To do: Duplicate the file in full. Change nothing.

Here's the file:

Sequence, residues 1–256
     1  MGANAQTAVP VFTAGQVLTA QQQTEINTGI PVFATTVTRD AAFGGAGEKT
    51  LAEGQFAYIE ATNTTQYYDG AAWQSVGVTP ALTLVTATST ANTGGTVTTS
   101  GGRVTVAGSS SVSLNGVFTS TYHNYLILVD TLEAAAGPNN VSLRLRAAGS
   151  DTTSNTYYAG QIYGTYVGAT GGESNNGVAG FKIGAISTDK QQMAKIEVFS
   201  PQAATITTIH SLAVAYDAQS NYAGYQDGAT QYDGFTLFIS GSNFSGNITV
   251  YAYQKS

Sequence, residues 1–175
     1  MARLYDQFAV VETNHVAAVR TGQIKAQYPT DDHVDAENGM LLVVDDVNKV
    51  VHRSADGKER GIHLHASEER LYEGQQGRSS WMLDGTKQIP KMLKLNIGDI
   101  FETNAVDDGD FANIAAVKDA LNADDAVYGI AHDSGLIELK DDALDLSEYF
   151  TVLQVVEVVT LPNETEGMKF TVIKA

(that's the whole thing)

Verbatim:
Sequence, residues 1–256
     1  MGANAQTAVP VFTAGQVLTA QQQTEINTGI PVFATTVTRD AAFGGAGEKT
    51  LAEGQFAYIE ATNTTQYYDG AAWQSVGVTP ALTLVTATST ANTGGTVTTS
   101  GGRVTVAGSS SVSLNGVFTS TYHNYLILVD TLEAAAGPNN VSLRLRAAGS
   151  DTTSNTYYAG QIYGTYVGAT GGESNNGVAG FKIGAISTDK QQMAKIEVFS
   201  PQAATITTIH SLAVAYDAQS NYAGYQDGAT QYDGFTLFIS GSNFSGNITV
   251  YAYQKS

Sequence, residues 1–175
     1  MARLYDQFAV VETNHVAAVR TGQIKAQYPT DDHVDAENGM LLVVDDVNKV
    51  VHRSADGKER GIHLHASEER LYEGQQGRSS WMLDGTKQIP KMLKLNIGDI
   101  FETNAVDDGD FANIAAVKDA LNADDAVYGI AHDSGLIELK DDALDLSEYF
   151  TVLQVVEVVT LPNETEGMKF TVIKA